Gates keynotes Class of 2007 graduation

    p. The College held its 314th annual commencement exercises May 20, awarding degrees to 1,762 undergraduate and graduate students. College Chancellor Sandra Day O’Connor and Defense Secretary Robert M. Gates, ’65, were both in attendance, with Gates delivering the commencement address.

    p. College President Gene Nichol opened the ceremony, recounting the past four years, which were often marked by misfortune.

    p. “You came in on a hurricane, and kept up the pace. Converting Isabel into a two-week ‘hurrication.’ And the Preston Dorm fire into a lesson in commitment and community. Children of nature and fate,” Nichol said. “You touched your stricken sisters and brothers in Blacksburg in ways that taught and ennobled us all,” he added.

    p. In his commencement address, Gates thanked the College for inspiring him toward public service. Originally a pre-med student, Gates switched his major to history after his freshman year.

    p. “God only knows how many lives have been saved by my becoming Director of CIA instead of a doctor,” Gates said.

    p. Gates encouraged the class to pursue public service, and resist national trends of apathy toward national politics. He also said that, while many understand their rights as American citizens, few realize their responsibilities.

    p. “Young Americans are as decent, generous and compassionate as we’ve ever seen in this country,” Gates said. “That is what makes it puzzling that so many young people who are public-minded when it comes to their campus and community tend to be uninterested in— if not distrustful of—our political processes. Nor is there much enthusiasm for participating in government, either as a candidate or for a career.”

    p. Before his address, Gates took part in the College’s ROTC affirmation ceremony in the Wren Chapel. Gates swore in six newly commissioned lieutenants, who are joining the army after graduation.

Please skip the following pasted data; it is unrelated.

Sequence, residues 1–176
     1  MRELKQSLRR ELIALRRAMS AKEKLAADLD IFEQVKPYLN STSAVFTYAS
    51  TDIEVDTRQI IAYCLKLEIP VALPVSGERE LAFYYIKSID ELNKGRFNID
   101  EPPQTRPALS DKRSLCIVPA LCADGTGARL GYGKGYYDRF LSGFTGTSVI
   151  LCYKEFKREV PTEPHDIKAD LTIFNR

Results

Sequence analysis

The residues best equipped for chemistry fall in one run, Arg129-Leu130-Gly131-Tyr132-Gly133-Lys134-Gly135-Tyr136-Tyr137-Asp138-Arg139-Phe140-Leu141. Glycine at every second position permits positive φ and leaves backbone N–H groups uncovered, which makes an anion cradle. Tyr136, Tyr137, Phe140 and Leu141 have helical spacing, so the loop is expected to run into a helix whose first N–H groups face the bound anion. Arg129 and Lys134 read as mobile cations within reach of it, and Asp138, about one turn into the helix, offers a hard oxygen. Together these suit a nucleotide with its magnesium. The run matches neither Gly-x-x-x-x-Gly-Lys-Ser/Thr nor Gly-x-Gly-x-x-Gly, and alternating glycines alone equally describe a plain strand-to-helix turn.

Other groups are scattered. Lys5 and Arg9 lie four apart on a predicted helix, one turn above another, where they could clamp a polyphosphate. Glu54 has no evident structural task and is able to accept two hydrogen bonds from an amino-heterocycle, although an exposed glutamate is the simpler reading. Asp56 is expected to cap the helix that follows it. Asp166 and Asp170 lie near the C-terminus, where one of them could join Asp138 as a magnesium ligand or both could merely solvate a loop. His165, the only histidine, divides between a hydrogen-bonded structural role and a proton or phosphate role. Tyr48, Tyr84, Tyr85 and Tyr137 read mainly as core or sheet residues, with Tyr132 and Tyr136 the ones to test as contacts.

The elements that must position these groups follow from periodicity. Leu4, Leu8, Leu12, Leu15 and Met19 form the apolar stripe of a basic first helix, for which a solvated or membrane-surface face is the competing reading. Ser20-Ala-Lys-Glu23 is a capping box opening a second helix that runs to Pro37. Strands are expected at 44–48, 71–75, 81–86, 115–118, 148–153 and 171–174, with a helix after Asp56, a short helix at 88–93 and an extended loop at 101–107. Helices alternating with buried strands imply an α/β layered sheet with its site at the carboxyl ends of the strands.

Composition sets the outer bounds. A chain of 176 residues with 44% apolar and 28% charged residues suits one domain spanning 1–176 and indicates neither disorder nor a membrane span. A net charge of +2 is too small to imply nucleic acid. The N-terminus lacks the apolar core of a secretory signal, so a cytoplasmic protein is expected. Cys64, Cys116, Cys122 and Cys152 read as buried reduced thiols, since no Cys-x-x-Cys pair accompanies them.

p. Senior Elizabeth Derby delivered the senior commencement address, noting the class’s academic diversity.

    p. “Each one of us carries the secret of a million little triumphs, and let that be celebrated today,” Derby said. “Twisted in the double helix of our bloodlines, traced along the curves of our features, history — genetic, immediate, universal — is pulsing with our heartbeats, shimmering in every breath we take. In this moment we are past and present enmeshed, thrilling with time and the selves we have found at William and Mary.”

    p. The College also issued several awards for public service and academic achievement. Seniors Chris Lemon and Richael Faithful were the 2007 recipients of the Algernon Sidney Sullivan, which recognizes character and service.

    p. The College also awarded a Sullivan Award to Louise Kale, executive director of William and Mary’s historic campus.

    p. Senior Laura Smith received the Lord Botetourt Medal, awarded annually to the student who demonstrates notable academic achievement. Smith, a double major in Music and Anthropology, earned a 4.0 grade point average while at the College.

    p. Former Student Assembly President senior Ryan Scofield received the James Frederic Carr Memorial Cup, which recognizes excellence in leadership. Carr, the award’s namesake, was a College student who died in World War I.

    p. Philosophy professor Alan Fuchs received the Thomas Ashley Graves Jr. Award, given annually to recognize an undergraduate faculty member.

    p. Graduate student Kristen Emily France won the Thatcher Prize for Excellence in Graduate and Professional Studies. The award, named for former Chancellor of the College Margaret the Lady Thatcher, is awarded annually to one graduate student. France graduated Sunday with a Ph.D. in marine science from the College’s Virginia Institute in Marine Science.


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